Among various permutations and combinations being weighed, sources said ONGC could buy out the government’s 51.11% holding in HPCL by paying partly in cash and partly by allocating additional shares in the oil explorer.
In one of the biggest public-sector M&As in recent times, country’s largest oil explorer ONGC may acquire oil marketing firm HPCL in 2017-18 under an arrangement that may involve payments in cash plus equity or bonds.
Among various permutations and combinations being weighed, sources said ONGC could buy out the government’s 51.11% holding in HPCL by paying partly in cash and partly by allocating additional shares in the oil explorer. Alternatively, ONGC may issue bonds to the government in lieu of its stake in HPCL, which would be encashed by the Centre later.
The merger and acquisition (M&A) could be carried out in such a manner that optimally benefits the government and other shareholders, sources said, adding that talks on possible merger of the two companies are at a preliminary stage.
Analysts believe the merger would create synergy in oil exploration, refinery and retail businesses capabilities of the two state-run firms.
The 2017-18 Budget has floated the idea of creating an integrated oil major through mergers to make a globally competitive public sector player.
Even though market capitalisation may not correctly reflect the valuation of a company, still going by that, the government stake in HPCL could command around R26,800 crore. The oil explorer could make an open offer later to buy additional around 26% from public shareholders, possibly costing nearly R13,600 crore, going by the current market price.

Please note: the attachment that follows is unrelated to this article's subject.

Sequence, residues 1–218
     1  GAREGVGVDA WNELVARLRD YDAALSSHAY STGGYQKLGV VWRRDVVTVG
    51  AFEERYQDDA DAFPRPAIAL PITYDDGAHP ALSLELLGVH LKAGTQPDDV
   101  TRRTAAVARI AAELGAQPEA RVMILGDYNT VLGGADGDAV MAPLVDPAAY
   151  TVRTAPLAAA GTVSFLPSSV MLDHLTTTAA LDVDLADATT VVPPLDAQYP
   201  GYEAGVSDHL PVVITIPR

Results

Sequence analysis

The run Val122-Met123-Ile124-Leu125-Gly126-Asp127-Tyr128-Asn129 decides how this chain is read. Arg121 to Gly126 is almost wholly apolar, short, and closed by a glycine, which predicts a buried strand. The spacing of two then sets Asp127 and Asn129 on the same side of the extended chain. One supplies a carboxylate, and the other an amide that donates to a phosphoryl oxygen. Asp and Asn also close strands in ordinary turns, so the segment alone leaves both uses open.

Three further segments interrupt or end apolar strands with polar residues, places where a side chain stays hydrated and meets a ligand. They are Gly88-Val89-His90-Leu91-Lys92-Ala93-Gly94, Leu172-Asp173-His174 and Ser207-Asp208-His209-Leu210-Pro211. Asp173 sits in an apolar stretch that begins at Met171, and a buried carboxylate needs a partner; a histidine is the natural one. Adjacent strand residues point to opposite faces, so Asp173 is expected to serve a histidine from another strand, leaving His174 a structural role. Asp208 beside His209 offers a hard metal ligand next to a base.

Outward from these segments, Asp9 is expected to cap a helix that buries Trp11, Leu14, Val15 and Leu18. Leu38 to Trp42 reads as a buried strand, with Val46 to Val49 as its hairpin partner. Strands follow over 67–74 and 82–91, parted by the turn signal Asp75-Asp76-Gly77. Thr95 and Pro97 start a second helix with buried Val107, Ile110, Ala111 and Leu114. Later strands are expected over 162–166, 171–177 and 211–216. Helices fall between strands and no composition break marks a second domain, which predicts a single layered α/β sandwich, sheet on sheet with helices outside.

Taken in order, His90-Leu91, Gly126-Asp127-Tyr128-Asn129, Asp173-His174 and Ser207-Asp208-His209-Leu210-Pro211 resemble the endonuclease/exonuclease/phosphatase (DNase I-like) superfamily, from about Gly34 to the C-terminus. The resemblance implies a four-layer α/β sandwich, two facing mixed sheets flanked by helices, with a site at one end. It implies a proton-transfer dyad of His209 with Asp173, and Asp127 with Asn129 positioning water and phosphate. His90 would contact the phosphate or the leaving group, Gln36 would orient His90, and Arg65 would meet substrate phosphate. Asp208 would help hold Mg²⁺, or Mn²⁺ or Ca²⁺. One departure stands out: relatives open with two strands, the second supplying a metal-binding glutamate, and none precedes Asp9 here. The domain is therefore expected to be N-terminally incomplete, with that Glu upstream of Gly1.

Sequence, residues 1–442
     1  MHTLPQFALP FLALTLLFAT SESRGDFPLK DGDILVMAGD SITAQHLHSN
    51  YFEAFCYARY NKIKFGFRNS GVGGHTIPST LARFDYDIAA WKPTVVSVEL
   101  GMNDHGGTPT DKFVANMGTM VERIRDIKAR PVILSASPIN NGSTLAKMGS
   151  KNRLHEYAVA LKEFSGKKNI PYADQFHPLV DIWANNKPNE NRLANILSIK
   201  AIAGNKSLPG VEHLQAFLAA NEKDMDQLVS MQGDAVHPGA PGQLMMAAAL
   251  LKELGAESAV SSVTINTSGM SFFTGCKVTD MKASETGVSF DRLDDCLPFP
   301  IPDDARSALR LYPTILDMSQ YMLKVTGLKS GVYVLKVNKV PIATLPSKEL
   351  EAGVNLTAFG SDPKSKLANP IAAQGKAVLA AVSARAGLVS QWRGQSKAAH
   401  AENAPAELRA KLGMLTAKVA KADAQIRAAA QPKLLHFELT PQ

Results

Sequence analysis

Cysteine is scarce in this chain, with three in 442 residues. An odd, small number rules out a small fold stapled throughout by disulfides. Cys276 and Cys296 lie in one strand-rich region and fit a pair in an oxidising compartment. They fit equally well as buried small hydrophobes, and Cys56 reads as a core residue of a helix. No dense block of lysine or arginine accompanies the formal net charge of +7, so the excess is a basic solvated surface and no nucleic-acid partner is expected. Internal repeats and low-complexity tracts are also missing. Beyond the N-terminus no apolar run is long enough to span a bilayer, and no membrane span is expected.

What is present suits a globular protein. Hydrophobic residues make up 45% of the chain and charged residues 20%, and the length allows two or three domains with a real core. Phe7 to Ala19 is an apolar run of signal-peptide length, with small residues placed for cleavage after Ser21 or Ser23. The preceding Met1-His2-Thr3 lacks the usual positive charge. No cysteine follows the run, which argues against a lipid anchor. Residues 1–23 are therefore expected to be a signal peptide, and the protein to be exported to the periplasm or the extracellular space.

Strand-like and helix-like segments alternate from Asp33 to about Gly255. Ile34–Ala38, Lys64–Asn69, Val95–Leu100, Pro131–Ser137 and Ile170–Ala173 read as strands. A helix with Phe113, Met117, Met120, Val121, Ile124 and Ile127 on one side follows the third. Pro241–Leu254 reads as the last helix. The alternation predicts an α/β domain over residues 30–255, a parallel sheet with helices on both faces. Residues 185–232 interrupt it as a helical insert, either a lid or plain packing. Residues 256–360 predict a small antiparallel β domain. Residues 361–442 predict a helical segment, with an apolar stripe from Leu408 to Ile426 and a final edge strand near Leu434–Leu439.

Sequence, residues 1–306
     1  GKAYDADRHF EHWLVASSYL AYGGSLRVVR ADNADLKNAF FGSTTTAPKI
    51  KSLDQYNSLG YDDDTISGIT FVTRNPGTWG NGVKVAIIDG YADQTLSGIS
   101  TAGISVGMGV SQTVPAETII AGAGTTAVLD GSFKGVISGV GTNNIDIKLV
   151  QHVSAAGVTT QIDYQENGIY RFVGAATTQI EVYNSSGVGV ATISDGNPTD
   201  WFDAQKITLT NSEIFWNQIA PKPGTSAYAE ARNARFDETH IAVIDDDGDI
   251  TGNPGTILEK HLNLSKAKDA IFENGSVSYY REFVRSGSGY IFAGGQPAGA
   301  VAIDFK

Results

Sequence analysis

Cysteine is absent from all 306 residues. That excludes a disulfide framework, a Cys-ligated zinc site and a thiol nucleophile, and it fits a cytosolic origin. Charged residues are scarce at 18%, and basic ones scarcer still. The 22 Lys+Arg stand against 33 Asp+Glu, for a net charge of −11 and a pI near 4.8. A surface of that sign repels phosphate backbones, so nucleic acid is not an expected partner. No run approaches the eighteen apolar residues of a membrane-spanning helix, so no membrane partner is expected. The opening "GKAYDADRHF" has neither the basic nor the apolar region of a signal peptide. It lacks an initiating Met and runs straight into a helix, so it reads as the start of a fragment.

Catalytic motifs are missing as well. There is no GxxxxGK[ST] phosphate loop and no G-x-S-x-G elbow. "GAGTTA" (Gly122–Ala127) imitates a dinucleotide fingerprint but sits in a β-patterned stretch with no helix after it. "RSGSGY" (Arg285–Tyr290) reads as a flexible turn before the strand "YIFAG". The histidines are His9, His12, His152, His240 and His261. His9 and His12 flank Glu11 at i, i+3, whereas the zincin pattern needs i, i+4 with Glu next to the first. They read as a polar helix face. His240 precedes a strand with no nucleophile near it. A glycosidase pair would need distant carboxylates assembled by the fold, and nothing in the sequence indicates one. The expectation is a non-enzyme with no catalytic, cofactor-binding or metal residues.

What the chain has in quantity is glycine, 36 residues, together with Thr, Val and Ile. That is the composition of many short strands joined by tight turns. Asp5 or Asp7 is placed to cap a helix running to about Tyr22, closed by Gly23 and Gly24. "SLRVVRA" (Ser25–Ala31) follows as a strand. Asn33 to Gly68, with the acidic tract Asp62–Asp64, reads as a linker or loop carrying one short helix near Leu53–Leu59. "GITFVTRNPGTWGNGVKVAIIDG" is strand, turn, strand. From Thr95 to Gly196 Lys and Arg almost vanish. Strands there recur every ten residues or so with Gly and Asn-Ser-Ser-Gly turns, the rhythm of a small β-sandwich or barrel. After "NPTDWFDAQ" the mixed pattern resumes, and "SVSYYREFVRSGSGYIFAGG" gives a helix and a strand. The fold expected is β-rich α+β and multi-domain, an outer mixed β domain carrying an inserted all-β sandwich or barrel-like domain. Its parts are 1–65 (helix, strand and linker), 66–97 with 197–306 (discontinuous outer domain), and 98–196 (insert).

Consent of at least 75% shareholders is required to approve a merger.
Going by the latest share price, HPCL market capitalisation is around R52,400 crore as on March 9, 2017 (BSE).
A HPCL executive said the company will not offer any comment on the issue. An ONGC executive said if such a deal at all happens, it will not be just based on the market cap but will take into consideration various other business factors.
“There are various possible structures for the deal. Payments could be made through issuing bonds, cash or equity. However, it will be a complicated process since HPCL is not a very small company and ONGC may have to raise funds. It may also go for FPO,” said Anish De, partner-infrastructure and government services, KPMG in India.
ONGC, the country’s largest PSU oil explorer, had a cash and bank balance of about R13,000 crore as on June 30, 2016. Its reserves and surplus was at R1,47,574 crore at March-end, 2016, the highest among all public-sector companies. The PSU oil major had the highest market capitalisation at R2,48,194.76 crore (BSE) as on February 28, 2017. The government owns 68.93% in ONGC.
Commenting on the possible merger of ONGC and HPCL, Oil minister Dharmendra Pradhan recently told a television channel that the two competent companies are in talks and are hiring consultants to chalk out a feasible plan. He did not name any company.
According to Vivek Jain, associate director, India Ratings and Research, the proposed M&A deal will either be a cash plus equity or share swap at a pre-agreed price.
The ONGC-HPCL deal, if goes through, could boost government’s disinvestment revenue. The Centre has set an ambitious disinvestment revenue target of R72,500 crore in 2017-18, 60% higher than revised estimate of R45,500 crore in 2016-17.